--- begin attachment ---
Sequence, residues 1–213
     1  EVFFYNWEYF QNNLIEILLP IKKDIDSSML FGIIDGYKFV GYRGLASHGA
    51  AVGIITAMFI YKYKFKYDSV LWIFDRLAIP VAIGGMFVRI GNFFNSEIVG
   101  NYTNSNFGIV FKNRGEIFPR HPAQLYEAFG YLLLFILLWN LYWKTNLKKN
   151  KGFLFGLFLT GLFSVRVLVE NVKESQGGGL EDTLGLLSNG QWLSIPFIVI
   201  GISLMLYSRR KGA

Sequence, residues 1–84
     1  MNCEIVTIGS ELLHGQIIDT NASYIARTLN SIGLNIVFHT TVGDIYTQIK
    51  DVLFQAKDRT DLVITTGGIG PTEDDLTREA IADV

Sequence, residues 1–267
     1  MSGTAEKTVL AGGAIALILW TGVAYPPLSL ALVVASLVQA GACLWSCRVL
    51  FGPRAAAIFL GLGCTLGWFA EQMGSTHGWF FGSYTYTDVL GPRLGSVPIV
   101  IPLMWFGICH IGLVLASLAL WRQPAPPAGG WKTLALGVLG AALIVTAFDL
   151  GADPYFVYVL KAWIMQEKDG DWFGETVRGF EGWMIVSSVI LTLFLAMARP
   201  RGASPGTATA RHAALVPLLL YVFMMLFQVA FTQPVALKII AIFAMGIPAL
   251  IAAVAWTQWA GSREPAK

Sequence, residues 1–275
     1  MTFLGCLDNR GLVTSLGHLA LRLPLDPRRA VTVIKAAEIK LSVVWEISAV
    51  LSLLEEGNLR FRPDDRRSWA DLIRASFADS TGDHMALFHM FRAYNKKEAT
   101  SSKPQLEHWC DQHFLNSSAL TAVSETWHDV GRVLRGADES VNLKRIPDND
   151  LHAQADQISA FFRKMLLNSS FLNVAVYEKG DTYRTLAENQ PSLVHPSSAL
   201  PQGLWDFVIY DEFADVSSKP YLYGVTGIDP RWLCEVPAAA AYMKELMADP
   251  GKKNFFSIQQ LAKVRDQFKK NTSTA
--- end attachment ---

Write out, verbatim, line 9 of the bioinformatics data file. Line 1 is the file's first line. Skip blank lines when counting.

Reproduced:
    51  DVLFQAKDRT DLVITTGGIG PTEDDLTREA IADV